AT&T is making steady progress in rolling out its GigaPower FTTH service to more customers with its wireline region as it looks to stave off competition from cable operators like Comcast and upstart provider Google Fiber.
AT&T's strategy to target high-end customers was underscored Tuesday when the company posted a net loss of 215,000 branded postpaid phone subscribers in the first quarter but a notable increase in margins in consumer wireless services.
AT&T may still be adding more IP-based U-verse broadband subscribers, but the service provider's overall growth continues to slip as more cable operators take away market share.
AT&T continues see its U-verse video platform shrink faster than it can grow its DirecTV satellite TV platform.
Level 3 Communications may be one of the most aggressive providers rolling out fiber to deliver a host of Ethernet and cloud services, but being a competitive provider it can't bring fiber into every building that wants service.
Just a few months after closing its merger with Alcatel-Lucent, Nokia announced it will spend roughly $191 million to purchase Withings, a French startup founded in 2008 that makes activity trackers, weighing scales, thermometers, blood pressure monitors, home and baby monitors and other health-related gadgets and services. Nokia said it would add the company to its Nokia Technologies division, which also houses the company's patent-licensing business as well as its new virtual reality camera-making effort.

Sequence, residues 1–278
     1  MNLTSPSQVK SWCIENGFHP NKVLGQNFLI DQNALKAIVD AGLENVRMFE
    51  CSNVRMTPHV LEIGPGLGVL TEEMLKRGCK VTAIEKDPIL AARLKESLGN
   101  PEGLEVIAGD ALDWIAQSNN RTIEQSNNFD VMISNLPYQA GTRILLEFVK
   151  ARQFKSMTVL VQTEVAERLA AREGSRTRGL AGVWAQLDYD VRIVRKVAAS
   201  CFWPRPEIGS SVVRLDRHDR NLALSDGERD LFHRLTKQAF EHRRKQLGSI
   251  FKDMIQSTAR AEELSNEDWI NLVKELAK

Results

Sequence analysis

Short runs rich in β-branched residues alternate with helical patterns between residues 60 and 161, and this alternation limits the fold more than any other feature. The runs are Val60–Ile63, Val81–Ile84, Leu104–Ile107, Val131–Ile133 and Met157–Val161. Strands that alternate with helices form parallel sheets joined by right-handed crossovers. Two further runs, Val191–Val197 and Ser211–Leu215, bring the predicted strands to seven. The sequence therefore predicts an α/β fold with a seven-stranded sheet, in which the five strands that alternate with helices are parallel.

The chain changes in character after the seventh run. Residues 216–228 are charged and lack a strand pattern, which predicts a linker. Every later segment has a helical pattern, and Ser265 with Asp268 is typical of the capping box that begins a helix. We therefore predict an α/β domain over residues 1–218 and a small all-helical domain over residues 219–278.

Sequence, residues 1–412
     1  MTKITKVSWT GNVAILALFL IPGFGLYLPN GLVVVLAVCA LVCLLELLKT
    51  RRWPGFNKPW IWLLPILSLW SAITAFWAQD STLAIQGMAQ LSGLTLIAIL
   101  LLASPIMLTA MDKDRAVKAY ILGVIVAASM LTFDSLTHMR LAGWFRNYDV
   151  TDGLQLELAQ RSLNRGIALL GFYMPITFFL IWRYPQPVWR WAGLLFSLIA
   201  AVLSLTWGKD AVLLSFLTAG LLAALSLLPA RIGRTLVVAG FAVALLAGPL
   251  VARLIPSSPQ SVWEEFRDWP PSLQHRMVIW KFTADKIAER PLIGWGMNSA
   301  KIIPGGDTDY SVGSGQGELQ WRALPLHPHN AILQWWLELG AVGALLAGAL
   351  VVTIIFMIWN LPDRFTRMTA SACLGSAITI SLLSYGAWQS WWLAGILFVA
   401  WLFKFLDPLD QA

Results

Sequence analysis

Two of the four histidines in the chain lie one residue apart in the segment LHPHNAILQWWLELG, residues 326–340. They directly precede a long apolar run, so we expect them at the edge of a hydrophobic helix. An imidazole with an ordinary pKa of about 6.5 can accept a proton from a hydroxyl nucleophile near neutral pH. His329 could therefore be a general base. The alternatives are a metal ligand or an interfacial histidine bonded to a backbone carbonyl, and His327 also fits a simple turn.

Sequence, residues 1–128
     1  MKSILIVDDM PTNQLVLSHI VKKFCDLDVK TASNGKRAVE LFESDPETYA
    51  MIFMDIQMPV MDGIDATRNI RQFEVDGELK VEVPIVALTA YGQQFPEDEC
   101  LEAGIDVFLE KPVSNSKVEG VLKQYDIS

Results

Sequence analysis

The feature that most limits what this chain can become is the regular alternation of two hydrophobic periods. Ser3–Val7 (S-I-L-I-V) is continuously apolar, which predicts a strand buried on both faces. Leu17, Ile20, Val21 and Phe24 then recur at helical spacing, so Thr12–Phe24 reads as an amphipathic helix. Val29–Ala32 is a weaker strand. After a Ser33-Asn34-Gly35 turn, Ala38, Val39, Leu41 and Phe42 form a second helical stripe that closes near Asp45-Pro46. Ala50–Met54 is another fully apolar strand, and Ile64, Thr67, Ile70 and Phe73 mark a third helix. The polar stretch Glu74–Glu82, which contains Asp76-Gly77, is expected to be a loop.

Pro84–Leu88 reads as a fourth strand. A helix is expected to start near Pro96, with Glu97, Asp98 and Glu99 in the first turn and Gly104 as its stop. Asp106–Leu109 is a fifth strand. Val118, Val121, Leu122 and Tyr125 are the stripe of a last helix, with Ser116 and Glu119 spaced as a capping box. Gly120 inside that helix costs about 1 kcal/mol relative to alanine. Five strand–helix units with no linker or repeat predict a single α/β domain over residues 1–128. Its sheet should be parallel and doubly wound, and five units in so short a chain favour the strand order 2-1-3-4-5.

All four major U.S. carriers ranked in the bottom half of a new study of "the consumer app experience" on 27 mobile networks in seven countries.
Wireless carriers are clearly keen on the dark fiber opportunity. Carriers like T-Mobile, AT&T and Verizon are using dark fiber to power their current macro base station backhaul, but are also looking at it for future small cell and C-RAN network deployments.
Dark fiber may be remembered as a product of the.com age where competitive providers built out networks speculatively, but it's clearly back in telecom style. However, unlike the late 1990s build-it-and-they-will-come drive, dark fiber demand is today being driven by new service drivers-- small cell backhaul, data center connectivity and the FCC E-Rate program.
AT&T's marketing campaigns generated more engagement with consumers during a recent 30-day stretch than advertising efforts from any other major U.S. mobile network, according to the ad-measurement company iSpot.